The First Minister, Peter Robinson, outside Stormont. Photo: Getty Images
Show Hide image

Why an argument over welfare reform could have big consequences for Northern Ireland

Welfare reform could have momentous consequences for Northern Ireland and the future of the Stormont parliament.

The failure of the welfare bill in Stormont has thrown the Executive and Northern Irish politics into chaos and uncertainty. The welfare reform bill would have brought a number of reforms into action in Northern Ireland, including introducing the bedroom tax for those under 61. It has proved extremely contentious and the main parties had been locked in negotiations over the bill for months which culminated in last week’s vote. Despite a majority of MLAs voting for the bill, there is a mechanism, a petition of concern, which can be used to veto a bill when support doesn’t come from both communities. This was activated when Sinn Fein, the SDLP and the Green Party signed a petition of concern. This was a major incident in a prolonged impasse. The bill initially had the support of Sinn Féin and the SDLP however they are now claiming they were misled. The DUP have countered by suggesting that Sinn Féin are indulging in fantasy politics rather than being realistic.

If the DUP and Sinn Féin can’t reach an agreement, and after months of negotiation already they haven’t, Westminster may have to step in. Theresa Villiers, the Secretary of State for Northern Ireland, has stated that although the preference is to avoid this, it is a distinct possibility. Westminster would then take control of implementing welfare reforms in Northern Ireland direct from London. It is particularly crucial to deal with the budgetary element quickly.

The Treasury is currently penalising Northern Ireland at a rate of around £10 million a month. Northern Ireland’s economic situation is perilously reliant on the public sector and public spending. Unemployment is currently at 6.2 per cent, higher than the UK average of 5.5 per cent.  Northern Ireland also has the highest proportion of public sector employment in the UK as well as higher than average rates of public spending per person. If they cannot manage the economy, then it could have severe implications for public spending. If the already high unemployment rises even further the Northern Ireland economy is likely to flounder. While Stormont has turned to third parties in the past to help with problems, this has always been related to problems involving the legacy of the Troubles rather than actual issues of governance such as the economy.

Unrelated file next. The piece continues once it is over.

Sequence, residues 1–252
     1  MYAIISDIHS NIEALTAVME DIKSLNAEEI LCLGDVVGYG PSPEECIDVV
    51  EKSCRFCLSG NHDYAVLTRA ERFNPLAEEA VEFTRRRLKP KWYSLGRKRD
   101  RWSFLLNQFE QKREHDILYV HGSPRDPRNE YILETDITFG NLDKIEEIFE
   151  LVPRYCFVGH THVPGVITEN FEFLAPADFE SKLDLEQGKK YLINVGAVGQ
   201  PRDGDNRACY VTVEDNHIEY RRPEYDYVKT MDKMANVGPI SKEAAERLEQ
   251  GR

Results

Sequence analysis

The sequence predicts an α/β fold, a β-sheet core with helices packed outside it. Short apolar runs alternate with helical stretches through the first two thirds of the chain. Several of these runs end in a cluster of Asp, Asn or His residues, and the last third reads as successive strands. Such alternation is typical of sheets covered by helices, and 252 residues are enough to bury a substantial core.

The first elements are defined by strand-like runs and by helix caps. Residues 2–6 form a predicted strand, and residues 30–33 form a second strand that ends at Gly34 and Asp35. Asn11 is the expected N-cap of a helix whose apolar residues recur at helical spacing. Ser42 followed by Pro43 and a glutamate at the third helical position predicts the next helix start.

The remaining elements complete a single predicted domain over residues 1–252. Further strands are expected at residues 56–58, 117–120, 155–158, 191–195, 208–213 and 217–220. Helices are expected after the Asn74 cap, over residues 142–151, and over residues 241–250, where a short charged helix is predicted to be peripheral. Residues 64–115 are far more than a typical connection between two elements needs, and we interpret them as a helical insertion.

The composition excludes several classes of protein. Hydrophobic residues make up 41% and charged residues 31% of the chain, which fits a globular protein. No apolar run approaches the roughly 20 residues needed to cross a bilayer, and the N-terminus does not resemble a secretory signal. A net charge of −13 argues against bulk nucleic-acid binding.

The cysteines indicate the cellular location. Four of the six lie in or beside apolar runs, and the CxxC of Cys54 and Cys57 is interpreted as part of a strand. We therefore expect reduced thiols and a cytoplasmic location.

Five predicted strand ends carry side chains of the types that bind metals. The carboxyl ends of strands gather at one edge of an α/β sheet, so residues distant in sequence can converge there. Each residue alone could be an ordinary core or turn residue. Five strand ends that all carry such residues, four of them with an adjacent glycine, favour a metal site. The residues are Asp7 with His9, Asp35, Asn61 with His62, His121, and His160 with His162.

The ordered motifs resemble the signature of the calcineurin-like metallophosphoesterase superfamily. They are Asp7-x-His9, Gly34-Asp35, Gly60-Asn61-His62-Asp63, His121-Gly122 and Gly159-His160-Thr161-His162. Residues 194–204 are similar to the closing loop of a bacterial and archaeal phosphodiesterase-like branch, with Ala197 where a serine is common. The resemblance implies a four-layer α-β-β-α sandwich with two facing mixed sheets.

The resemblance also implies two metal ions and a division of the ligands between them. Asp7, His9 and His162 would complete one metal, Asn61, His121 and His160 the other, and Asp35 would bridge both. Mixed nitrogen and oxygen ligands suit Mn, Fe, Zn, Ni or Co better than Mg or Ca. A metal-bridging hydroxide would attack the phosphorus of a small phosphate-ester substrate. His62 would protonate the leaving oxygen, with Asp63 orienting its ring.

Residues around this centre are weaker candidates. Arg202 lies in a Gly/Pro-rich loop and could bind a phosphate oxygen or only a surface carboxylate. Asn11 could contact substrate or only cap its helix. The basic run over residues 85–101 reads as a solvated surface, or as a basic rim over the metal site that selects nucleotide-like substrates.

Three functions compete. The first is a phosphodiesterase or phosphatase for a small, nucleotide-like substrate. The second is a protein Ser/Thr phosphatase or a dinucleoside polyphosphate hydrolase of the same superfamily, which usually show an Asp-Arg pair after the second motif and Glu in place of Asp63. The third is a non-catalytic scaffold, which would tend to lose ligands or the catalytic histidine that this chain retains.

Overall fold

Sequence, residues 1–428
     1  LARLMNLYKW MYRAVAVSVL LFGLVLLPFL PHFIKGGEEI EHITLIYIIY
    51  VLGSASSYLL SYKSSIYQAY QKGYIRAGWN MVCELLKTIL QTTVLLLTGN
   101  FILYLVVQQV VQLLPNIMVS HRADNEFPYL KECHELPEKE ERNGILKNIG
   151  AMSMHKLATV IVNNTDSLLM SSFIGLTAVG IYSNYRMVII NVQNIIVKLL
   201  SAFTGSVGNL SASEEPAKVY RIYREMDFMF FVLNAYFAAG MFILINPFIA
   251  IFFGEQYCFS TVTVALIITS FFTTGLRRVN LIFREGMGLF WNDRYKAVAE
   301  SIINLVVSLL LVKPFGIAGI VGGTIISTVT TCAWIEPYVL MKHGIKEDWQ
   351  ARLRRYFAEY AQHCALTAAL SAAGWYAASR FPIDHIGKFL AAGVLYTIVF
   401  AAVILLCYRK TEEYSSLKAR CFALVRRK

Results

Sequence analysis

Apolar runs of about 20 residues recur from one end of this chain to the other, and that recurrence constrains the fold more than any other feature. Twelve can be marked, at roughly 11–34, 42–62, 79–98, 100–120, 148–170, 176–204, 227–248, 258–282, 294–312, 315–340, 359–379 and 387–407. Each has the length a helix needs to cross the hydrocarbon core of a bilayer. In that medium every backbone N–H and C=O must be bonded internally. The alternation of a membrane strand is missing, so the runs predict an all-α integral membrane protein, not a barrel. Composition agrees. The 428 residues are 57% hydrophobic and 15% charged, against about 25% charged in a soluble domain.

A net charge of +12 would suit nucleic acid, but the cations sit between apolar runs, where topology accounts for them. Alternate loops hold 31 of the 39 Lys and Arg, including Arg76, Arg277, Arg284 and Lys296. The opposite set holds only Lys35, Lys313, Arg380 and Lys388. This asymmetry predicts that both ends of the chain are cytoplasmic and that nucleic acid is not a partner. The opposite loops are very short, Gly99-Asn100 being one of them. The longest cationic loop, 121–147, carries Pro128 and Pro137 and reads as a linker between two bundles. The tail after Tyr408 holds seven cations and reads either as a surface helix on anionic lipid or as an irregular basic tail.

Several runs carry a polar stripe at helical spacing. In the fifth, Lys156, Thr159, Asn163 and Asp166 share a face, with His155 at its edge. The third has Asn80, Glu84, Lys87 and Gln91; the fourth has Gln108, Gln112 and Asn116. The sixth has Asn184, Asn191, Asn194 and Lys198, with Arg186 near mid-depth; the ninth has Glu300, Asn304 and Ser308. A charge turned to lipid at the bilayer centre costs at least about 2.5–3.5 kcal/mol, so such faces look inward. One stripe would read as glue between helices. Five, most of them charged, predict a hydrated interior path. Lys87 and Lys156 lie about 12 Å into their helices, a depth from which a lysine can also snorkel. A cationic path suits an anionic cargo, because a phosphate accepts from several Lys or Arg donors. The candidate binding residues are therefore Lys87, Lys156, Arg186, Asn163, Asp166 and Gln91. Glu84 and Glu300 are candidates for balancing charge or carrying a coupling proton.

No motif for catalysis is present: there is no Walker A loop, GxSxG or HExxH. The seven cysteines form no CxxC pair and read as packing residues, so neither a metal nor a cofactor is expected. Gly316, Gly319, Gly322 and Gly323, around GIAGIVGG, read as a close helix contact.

Westminster or civil servants taking control of the budget temporarily may provide enough space for negotiations but it is definitely a step backwards for the Belfast Agreement. The DUP has already called for Westminster to step into the breach. For them, while this is not ideal, Foster’s willingness to let Westminster take control, shows that it is unlikely they will pull out of government over this bill. Sinn Féin are also heavily invested in remaining in government and continuing to appear as if they are both anti-austerity but also a practical party of government. They’re facing elections in both Northern Ireland and Ireland in 2016. They are polling significant amounts of support in Ireland and are aiming to be in government in Ireland and Northern Ireland simultaneously in 2016, which is particularly symbolic as it’s the centenary of the Easter Rising. This could be endangered by them pulling out of the Executive, creating an image of unreliability. Particularly as economic credibility is one of the major question marks over Sinn Fein in Ireland. To pull out of the Executive now could have serious repercussion for Sinn Féin that will affect them both in and outside Northern Ireland. As such they are unlikely to want to risk that. It is also unlikely to save Northern Ireland from cuts as if the Executive falls, the reforms will most likely be implemented from London. If the Conservative government handles this well, they should be able to impose the cuts while maintaining the Stormont administration.